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14 of 15 people found the following review helpful By "filmfogey" on 27 May 2010
Format: DVD Verified Purchase
This is possibly the weirdest film ever to emerge from the Rank Organisation inasmuch as it seems oblivious to the full import of its own implications like some exotic bloom steadfastly cultivated in an English nursery. On the one hand it's a brightly-coloured Spanish Western with bandits and gunfights, on the other a darkly rippling tale of unrequited and impossible love, some of it openly declared and some of it not. Catholic priest Father Keogh arrives by bus in a little Mexican town to take over the flock from an older colleague who's being forced out by anti-clerical tearaways led by Anacleto. The local police would like to put him away but lack evidence or witnesses against him and seem content to let him 'reign' provided he doesn't rock the boat too much. Anacleto and the good Father see a challenge in one another, the priest to reclaim the sinner, the bandit to find out what his opponent's really made of. After an attempt on Keogh's life fails the bandit pursues a more insidious tack. He discovers that a local girl, Locha, has fallen in love with the priest and uses this knowledge to trap the other man into an emotional involvement which the priest acknowledges. Keogh agrees to capitulate to Anacleto's power in the town but afterwards breaks his word and denounces him from the pulpit. Taken into custody Anacleto is rescued by his gang and a gun-battle ensues in the main square. As bullets fly the bandit is fatally injured and the priest is shot by one of the gang as he administers the last rites. Both men die together in a strange 'reconciliation', Anacleto pretending to respond to the ritual in order to comfort the priest. Names like Brando and Burton were in the frame at one time apparently but the film was eventually cast from contract-artistes.Read more ›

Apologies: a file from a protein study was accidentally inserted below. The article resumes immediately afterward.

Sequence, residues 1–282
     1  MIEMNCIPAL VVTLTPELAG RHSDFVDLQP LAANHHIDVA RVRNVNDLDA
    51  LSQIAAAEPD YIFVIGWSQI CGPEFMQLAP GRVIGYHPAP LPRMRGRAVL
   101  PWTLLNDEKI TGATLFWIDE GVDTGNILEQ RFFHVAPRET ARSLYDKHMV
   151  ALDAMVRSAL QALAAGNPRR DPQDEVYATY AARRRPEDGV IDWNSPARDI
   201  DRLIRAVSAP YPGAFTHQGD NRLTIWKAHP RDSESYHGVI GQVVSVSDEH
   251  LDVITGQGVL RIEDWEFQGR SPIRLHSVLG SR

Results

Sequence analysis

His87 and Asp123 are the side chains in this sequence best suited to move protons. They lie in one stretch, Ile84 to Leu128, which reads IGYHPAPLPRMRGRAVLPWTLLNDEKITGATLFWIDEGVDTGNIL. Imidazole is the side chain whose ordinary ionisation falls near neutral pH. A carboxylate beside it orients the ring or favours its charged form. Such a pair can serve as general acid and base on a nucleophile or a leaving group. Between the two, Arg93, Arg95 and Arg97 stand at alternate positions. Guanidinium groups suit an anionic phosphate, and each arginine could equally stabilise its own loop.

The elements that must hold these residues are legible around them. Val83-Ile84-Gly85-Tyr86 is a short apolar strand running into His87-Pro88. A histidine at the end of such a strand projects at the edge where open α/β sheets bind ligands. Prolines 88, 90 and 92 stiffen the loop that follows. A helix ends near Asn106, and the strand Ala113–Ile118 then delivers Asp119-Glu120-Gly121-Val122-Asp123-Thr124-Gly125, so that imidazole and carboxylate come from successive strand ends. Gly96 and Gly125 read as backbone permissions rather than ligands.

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5 of 5 people found the following review helpful By Bob Salter TOP 500 REVIEWERVINE VOICE on 9 Dec. 2011
Format: DVD
This film gets my vote as the most weird western ever made. It has gained a cult following due to Dirk Bogarde's camp over the top performance as a homosexual gunfighter dressed up in very tight fitting black leather pants, with the very fetching name of Anacleto. Bogarde must have been delighted at the prospect of donning such daring attire and strutting his stuff. Rank would have liked Marlon Brando or Montgomery Clift for the role but settled on Bogarde. Filmed in Spain the film was a precursor to the 'loony tunes' excesses of the Spaghetti westerns also filmed in Spain. Billed as "A new and powerfully different kind of motion picture story", it is certainly different all right!

John Mills is the priest with an Oirishy/Oxbridgey sort of accent who gets dropped off in a lawless small Mexican town which is terrorised by Bogarde and his gang of thugs. His gang are the most unconvincing bunch of villains you are ever likely to come across. The Milky Bar Kid was a hell of a lot scarier! Bogarde and Mills inevitably clash, with the priest trying to show the errant Anacleto the error of his ways. But Anacleto is having none of it, and conspires to bring the priest down. Matters as always are complicated in the form of a very beautiful young girl who falls for our hard pressed priest. We head to one of the more melodramatic over the top cinematic endings you will ever see.

The film is a contemporary western, so we get to see a few cars trundling about. The idea for the film may have been inspired by the writings of Graham Greene who wrote a travel book about Mexico in the thirties called "The Lawless Roads" which highlighted the persecution of the Catholic Church in Mexico.